Lori Marx-Rubiner and AnneMarie Ciccarella met on social media and grew close through their cancer research advocacy.
By Sue Rochman
Editor’s Note: While this issue of Cancer Today was being completed, we learned that Lori Marx-Rubiner had died of her illness. Before her death, she and AnneMarie Ciccarella asked that we publish the story of their friendship and patient advocacy partnership
as it was originally written.
AnneMarie Ciccarella sat inside her home in Long Beach, New York, and got ready to flip a coin. It was a Saturday afternoon, she had a lot on her mind and more than 48 hours of Memorial Day weekend 2017 stretched out before her. From her home in Los Angeles, Lori Marx-Rubiner texted Ciccarella one word, “Heads.” Ciccarella tossed a quarter in the air. It landed heads up on the carpet. Luck had sealed the deal: She would spend the rest of the weekend in L.A. with her best friend.
Welcome to the crazy, passionate world of two widely loved and admired breast cancer research advocates. While living on opposite sides of the country, they have each other’s backs. In conversation, their sentences intersect and their words overlap with a shared understanding. There is no question, says Ciccarella. “Together, we are better.”
A Social Media Connection
On Monday evenings, the Twittersphere is home to a unique one-hour conversation that flows under the hashtag #BCSM
(for Breast Cancer Social Media). Neither Ciccarella, 61, nor Marx-Rubiner, 51, had expected to find the person they’d been missing in their life on Twitter, but when the #BCSM chat launched
in July 2011, they did.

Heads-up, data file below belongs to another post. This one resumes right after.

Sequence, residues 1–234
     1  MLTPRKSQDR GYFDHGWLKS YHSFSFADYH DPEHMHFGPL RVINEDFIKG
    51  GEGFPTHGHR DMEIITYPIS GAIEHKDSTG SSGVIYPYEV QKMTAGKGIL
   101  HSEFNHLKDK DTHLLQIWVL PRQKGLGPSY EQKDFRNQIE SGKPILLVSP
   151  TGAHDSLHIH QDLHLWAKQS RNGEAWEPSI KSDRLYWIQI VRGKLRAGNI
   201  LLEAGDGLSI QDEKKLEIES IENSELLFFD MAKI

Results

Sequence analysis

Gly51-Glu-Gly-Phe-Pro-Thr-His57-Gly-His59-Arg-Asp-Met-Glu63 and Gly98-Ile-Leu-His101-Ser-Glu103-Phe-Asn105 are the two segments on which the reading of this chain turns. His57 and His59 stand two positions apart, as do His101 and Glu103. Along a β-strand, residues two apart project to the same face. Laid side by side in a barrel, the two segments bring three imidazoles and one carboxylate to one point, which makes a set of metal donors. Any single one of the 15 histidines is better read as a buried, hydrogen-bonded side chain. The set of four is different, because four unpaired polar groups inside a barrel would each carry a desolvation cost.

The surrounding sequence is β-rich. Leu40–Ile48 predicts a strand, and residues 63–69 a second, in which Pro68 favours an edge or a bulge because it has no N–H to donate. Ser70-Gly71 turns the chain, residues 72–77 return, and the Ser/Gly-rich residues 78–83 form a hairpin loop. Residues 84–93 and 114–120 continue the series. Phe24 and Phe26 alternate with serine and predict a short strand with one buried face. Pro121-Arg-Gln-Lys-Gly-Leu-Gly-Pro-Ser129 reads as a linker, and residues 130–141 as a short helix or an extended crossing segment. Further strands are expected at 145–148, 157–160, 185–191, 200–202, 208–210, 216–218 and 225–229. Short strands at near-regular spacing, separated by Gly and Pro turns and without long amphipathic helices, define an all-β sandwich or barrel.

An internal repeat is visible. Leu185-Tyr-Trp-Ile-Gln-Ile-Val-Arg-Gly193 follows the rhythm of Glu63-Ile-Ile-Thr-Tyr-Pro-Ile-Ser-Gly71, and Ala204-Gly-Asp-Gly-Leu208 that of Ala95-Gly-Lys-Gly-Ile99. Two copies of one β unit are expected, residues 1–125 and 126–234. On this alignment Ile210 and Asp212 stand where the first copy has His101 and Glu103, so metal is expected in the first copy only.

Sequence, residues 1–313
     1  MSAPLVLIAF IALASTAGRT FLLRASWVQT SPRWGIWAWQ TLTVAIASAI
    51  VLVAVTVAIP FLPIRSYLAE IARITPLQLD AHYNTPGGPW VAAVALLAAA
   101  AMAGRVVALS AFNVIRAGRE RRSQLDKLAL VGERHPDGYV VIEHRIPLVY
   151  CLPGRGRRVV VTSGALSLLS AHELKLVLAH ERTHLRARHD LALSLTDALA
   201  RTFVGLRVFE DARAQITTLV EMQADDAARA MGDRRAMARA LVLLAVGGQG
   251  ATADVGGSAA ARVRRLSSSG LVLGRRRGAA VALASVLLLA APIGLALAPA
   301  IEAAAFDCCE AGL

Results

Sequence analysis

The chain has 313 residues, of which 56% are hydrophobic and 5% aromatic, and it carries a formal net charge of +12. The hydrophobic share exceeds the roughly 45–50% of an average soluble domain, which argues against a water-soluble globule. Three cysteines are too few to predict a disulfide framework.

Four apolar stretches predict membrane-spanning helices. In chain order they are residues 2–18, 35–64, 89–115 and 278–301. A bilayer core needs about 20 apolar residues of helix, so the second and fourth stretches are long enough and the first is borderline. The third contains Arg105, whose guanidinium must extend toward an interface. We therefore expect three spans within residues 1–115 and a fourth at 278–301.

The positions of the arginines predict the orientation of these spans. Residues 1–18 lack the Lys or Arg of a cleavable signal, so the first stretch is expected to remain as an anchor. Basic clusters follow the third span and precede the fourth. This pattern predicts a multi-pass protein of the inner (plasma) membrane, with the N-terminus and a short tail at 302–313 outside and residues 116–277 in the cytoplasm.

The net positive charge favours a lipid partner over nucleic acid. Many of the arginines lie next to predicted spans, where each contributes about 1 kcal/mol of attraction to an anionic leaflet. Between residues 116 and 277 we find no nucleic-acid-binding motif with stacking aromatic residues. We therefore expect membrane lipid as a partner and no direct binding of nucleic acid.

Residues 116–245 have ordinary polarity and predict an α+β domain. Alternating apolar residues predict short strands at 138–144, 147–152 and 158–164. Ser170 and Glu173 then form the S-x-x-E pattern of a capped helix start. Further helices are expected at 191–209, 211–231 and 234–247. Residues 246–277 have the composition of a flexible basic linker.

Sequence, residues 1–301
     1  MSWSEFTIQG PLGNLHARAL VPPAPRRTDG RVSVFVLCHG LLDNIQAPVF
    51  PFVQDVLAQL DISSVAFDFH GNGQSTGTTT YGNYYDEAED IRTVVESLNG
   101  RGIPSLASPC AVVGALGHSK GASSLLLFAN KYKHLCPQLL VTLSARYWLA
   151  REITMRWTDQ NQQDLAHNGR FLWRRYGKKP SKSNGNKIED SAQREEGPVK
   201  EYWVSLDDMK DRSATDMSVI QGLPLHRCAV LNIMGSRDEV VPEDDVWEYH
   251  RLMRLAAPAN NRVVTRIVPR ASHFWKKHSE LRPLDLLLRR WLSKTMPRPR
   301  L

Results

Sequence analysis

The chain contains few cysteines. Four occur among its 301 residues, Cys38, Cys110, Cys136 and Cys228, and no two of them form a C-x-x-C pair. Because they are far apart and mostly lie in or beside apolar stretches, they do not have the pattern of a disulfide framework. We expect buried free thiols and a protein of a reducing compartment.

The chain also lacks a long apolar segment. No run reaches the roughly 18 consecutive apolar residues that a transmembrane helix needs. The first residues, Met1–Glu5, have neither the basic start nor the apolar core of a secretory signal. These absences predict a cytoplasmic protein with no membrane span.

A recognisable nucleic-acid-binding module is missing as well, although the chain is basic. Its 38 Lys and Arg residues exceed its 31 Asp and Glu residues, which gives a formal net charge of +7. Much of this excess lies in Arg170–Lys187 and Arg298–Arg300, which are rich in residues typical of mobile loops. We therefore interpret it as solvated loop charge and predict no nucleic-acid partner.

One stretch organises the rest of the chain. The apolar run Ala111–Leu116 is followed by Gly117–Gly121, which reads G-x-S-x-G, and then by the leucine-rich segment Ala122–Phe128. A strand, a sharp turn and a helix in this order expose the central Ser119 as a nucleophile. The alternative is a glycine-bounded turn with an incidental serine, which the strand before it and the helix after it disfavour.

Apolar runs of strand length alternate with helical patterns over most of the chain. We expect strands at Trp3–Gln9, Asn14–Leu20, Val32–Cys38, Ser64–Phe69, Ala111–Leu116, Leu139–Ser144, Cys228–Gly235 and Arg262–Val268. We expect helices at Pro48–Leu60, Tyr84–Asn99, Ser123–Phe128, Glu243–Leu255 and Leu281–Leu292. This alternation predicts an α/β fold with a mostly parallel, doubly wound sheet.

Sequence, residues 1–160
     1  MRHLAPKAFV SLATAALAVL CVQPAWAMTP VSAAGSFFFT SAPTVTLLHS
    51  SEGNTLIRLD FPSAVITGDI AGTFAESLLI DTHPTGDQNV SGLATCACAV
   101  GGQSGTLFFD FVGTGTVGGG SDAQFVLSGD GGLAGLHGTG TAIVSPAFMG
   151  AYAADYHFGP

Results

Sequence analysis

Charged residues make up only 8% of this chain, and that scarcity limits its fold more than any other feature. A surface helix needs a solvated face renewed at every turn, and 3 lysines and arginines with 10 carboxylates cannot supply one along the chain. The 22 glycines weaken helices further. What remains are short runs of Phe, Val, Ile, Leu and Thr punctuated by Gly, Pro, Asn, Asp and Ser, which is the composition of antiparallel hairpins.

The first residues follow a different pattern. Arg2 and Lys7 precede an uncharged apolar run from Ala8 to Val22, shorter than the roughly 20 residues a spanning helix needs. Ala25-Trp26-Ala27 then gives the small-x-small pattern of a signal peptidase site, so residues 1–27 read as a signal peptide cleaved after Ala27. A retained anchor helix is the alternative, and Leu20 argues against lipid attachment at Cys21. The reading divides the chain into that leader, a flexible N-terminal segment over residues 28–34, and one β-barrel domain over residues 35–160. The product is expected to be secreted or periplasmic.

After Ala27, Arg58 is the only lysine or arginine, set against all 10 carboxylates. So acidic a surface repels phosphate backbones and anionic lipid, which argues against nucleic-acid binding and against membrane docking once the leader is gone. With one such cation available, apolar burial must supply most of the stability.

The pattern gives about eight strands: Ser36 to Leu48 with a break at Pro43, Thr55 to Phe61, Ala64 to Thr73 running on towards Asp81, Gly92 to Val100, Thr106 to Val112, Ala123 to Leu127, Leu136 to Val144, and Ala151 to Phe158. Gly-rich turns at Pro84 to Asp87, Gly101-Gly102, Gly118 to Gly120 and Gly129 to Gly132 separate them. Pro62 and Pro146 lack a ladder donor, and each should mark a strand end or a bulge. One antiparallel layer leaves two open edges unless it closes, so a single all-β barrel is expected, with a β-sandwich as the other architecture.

Tweeting with the same hashtag evolved into emails, phone calls and FaceTime. Ten months after those initial tweets, in May 2012, the two met in person for the first time at Dulles International Airport in Chantilly, Virginia. They had synced their arrivals for the National Breast Cancer Coalition (NBCC) Annual Advocate Training Conference in Washington, D.C., where they would be live-tweeting to the #BCSM community. “We clicked immediately,” says Marx-Rubiner. “It’s like having a best friend from forever ago, but you forget that they don’t know everything.”
The two women initially connected in part because each had been diagnosed with lobular breast cancer, Marx-Rubiner in 2002 and Ciccarella in 2006. While most breast tumors start in the breast ducts, lobular breast cancer starts in the breast lobules. It makes up only about 10 percent of all breast cancer diagnoses, so it’s easy to be part of a group where no one else has that type of tumor. Both were also drawn to #BCSM because it focused on evidence-based education and support for anyone affected by breast cancer. “The #BCSM hashtag gave us a vehicle,” says Marx-Rubiner. “For both of us, it was about science and how to move research forward and how to help people know how to turn to the research.”
Creating a CancerBase
A data-sharing project helps patients understand their options. Better Together
In a video, Lori Marx-Rubiner and AnneMarie Ciccarella discuss their friendship and advocacy.
Neither expected to be drawn to science. When Marx-Rubiner was diagnosed at age 35, she says, “I knew nothing about breast cancer. But I had a 3-year-old son and I knew I was way too young and that this